Even these large numbers are dwarfed by the BP spill, which was of upwards of 100 million gallons. In addition to the spills, what they call "produced water"--a mix coming up from deep in the earth with the oil and usually quite toxic--was simply left in pits. (In the US, the produced water is re-injected deep into the ground). Does this remind you of the fracking process for natural gas, now being foisted on our own state by a government in the pockets of the oil and gas industry?)
Texaco "remediated" some of these pits--by covering them with soil! At least one pit was left completely alone
The "remediated" pits are a big problem. When it rains, the oil bubbles up to the surface and continues to cause health problems and foul odors. In my small knowledge of environmental remediation, the term usually means carting away all toxic material to some burial site and replacing it with clean soil and/or water. Not sprinkling soil on top, like powdered sugar on a cake.
Oh, did I forget to mention--this whole area was populated while the drilling went on. The polluted waterways were the drinking water, fishing grounds and laundromat for many indigenous communities. As you might expect, health problems have skyrocketed in this population: there are high rates of cancer, abortion, and skin and respiratory problems. All in all, 30,000 people were affected.
We went to one remediated site, with the old closed off well head still on it, as well as the house of Mercedes Jimenez. It is a small, apparently 1-room house, with no glass in the windows. Fortunately, the porch has been fitted with a large 2-tank water purification system, so the family doesn't need to drink polluted water. In the picture, you can see our group in front of the house, and a guide has just dug up a blob of gooey black stuff, from less than two feet under the surface.
So what has been done? A coalition of indigenous groups has been fighting in the courts for 18 years. First they sued Texaco in the US, but a judge ruled that American courts didn't have jurisdiction over the case. So they sued in Ecuador. The case became complicated, as Chevron since bought up Texaco, and drilling has continued to this day under Petroecuador (though with better environmental controls in the latter case). It has been a very long struggle, during which the next generation of Amazonians were aborted, born with birth defects, or subject to their own illnesses as adults. We saw a documentary, which included an interview with a middle aged woman and her daughter, both of whom have cancer. The daughter was diagnosed shortly after getting married, and subsequently had a miscarriage.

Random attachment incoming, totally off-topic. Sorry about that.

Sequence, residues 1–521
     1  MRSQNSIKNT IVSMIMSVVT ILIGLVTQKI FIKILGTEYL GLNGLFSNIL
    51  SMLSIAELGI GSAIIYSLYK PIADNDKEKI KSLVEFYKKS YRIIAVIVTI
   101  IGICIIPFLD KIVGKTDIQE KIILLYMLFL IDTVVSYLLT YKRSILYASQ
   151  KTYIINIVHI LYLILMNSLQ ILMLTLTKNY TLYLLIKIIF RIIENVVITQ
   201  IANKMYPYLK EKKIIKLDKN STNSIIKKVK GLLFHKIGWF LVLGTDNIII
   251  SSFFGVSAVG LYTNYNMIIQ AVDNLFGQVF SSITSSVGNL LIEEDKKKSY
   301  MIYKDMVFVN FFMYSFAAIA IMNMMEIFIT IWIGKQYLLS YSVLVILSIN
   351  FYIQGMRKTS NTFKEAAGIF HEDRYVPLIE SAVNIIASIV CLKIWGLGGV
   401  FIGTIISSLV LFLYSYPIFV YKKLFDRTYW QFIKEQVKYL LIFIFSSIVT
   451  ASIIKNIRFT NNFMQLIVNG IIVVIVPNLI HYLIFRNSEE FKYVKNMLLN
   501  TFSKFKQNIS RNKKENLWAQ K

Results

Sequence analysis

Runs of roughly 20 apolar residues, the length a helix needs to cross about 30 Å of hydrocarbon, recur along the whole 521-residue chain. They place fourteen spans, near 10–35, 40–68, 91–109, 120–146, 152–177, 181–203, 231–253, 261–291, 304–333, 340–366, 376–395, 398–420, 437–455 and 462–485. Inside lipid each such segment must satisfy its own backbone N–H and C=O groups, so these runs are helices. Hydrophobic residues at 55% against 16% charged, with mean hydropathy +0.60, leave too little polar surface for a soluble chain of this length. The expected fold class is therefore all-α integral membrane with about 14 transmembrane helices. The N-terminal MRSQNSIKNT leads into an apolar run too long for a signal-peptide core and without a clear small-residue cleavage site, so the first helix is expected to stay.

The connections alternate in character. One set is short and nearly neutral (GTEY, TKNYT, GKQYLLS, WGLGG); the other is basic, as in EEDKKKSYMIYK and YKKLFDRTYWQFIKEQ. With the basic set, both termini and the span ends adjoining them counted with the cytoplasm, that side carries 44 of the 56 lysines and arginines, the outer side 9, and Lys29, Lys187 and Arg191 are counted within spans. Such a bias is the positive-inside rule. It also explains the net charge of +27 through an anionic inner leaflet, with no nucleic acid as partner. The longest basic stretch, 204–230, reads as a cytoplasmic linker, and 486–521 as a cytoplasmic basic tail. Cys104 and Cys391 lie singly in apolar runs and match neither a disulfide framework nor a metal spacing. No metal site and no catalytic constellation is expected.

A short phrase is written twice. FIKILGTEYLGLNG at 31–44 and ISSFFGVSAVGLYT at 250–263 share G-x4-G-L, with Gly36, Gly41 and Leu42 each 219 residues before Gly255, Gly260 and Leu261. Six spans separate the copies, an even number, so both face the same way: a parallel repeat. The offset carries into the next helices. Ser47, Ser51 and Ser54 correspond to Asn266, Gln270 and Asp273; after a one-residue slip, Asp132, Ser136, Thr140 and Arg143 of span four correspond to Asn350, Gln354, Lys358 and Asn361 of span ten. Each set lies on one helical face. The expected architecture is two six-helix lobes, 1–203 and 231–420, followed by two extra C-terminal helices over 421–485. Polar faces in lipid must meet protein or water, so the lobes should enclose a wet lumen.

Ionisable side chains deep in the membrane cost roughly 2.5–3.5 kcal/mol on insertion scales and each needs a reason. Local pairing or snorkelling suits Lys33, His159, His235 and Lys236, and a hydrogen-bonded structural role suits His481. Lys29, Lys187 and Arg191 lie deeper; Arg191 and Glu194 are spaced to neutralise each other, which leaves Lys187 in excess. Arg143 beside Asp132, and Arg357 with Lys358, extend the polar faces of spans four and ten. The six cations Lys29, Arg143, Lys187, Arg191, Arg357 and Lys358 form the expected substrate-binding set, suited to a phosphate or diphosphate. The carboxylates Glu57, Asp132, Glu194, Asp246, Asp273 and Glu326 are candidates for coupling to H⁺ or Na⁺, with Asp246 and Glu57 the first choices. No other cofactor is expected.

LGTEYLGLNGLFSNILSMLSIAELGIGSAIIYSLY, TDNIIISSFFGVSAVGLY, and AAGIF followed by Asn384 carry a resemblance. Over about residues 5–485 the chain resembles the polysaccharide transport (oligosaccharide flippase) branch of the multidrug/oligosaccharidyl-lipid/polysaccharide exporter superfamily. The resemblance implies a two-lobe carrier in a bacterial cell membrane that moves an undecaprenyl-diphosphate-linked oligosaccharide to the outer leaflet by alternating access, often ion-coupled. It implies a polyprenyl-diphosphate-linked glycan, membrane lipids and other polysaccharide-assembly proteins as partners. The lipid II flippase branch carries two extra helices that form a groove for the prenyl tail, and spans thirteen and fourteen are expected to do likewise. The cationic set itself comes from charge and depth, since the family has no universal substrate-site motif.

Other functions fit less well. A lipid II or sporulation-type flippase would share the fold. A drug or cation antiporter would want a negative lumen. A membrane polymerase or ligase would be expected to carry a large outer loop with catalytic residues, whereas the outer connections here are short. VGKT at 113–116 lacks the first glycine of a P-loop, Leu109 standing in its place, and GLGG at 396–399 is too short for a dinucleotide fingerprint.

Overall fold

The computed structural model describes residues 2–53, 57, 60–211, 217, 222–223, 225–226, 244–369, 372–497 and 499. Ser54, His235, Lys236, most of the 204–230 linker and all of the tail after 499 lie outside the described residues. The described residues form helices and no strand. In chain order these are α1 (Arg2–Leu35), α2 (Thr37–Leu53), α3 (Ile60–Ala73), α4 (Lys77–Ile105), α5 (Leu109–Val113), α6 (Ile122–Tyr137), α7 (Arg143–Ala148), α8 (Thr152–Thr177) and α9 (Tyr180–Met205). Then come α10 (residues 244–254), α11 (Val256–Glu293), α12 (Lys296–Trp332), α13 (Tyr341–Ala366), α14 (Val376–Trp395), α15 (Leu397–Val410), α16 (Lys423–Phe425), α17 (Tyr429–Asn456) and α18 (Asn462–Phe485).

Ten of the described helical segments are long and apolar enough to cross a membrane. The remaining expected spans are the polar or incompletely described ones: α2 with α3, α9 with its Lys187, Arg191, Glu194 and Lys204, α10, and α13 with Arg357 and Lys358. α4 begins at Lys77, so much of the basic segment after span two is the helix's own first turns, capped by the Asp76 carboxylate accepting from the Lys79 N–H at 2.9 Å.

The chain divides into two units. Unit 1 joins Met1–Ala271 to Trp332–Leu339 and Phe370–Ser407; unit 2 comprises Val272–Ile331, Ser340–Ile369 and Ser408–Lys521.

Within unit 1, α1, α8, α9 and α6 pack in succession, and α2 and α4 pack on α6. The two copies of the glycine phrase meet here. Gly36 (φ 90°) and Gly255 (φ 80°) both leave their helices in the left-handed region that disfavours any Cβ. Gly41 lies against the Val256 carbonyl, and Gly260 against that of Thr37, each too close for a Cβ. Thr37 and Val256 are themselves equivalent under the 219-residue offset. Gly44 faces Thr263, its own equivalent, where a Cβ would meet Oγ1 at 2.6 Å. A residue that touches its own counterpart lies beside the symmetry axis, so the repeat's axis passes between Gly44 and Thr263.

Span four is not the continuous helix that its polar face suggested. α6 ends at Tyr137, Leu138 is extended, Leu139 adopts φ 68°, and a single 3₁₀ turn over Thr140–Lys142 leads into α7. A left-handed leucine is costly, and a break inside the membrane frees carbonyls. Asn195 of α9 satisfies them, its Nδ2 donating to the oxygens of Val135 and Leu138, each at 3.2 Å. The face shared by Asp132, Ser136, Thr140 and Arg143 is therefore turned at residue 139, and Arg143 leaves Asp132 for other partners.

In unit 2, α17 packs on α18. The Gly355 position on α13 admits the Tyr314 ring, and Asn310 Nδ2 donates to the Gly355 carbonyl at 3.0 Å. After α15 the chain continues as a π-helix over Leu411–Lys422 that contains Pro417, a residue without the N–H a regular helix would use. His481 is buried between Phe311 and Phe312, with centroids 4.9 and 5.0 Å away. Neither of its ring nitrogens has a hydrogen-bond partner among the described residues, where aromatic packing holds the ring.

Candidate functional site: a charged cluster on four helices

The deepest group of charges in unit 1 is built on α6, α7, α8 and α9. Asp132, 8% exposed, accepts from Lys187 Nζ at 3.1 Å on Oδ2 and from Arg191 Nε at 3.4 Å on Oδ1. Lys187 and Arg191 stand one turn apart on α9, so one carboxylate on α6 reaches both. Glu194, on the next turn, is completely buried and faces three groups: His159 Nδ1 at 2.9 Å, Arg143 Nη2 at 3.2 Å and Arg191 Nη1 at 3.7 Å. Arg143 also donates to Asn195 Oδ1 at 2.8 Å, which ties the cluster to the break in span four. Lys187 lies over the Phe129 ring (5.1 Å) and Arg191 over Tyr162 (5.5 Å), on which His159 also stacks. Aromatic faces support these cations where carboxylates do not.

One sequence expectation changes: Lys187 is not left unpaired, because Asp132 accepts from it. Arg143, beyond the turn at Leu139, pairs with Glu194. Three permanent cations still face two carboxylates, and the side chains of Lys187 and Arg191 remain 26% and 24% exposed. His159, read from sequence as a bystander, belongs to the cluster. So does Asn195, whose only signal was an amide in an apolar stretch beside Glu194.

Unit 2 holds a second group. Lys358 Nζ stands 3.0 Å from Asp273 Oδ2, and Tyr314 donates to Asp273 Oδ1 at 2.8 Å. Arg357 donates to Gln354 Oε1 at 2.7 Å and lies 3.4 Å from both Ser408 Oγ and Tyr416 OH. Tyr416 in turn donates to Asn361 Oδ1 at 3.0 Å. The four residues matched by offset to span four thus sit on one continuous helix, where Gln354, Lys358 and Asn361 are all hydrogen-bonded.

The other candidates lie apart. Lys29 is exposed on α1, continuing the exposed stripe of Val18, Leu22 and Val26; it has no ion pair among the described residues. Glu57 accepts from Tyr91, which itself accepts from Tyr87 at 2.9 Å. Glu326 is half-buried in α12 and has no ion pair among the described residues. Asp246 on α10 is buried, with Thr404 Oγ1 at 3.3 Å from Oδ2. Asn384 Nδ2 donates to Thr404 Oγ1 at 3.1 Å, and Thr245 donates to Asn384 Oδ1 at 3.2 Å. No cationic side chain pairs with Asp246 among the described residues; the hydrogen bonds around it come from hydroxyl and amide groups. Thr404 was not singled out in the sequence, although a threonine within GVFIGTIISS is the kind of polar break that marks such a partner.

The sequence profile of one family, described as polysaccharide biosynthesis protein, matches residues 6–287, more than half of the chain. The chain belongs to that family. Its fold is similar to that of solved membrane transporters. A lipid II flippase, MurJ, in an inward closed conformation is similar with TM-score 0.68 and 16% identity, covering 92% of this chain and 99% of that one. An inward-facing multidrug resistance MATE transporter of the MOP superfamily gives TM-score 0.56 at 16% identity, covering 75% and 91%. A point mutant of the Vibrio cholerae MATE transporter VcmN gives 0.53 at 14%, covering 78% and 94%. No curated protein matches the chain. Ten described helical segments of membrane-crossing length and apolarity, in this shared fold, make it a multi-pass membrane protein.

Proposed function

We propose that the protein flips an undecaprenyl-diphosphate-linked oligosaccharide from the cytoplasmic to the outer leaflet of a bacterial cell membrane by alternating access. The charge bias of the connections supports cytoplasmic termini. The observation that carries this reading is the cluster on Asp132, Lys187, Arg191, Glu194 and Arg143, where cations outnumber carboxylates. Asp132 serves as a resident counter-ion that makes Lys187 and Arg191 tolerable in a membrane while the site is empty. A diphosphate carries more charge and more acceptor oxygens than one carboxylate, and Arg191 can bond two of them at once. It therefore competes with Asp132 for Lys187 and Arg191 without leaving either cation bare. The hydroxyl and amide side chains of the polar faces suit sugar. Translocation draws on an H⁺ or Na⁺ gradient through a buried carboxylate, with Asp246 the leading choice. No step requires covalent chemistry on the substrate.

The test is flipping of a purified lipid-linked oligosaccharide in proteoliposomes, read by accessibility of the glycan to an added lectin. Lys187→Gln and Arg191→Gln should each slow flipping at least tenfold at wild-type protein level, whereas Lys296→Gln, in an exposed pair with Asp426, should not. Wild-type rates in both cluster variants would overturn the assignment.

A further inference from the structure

Finally this past February, an Ecuadorian court in Quito ruled in favor of the indigenous groups, and required Texaco (now Chevron) to pay approximately 8 billion dollars for reparations. Chevron has sworn it will not cough up a penny (they've already done remediation!) and has appealed. If history is a predictor, they never will. The plaintiffs have also appealed, saying the amount is not enough.
And so it goes on. If you follow environmental injustice around the world, you will know that there are few victories against corporations. Shell Oil, for example, managed to pollute the Niger Delta and force an entire ethnic group, the Ogoni people, from their homeland. Like the Amazonians, they lived from the land and water, making their living primarily form fishing. Post oil pollution, this was no longer possible. To my knowledge, there have been no consequences for the company, though indigenous leaders have been persecuted for fighting back. I read in the paper in late July that the Republo-fascists have reported a bill out of committee aimed at emasculating the EPA. So as corporations gain further ascendancy here, we can expect some of these environmental disasters at home.
It's time to get together people!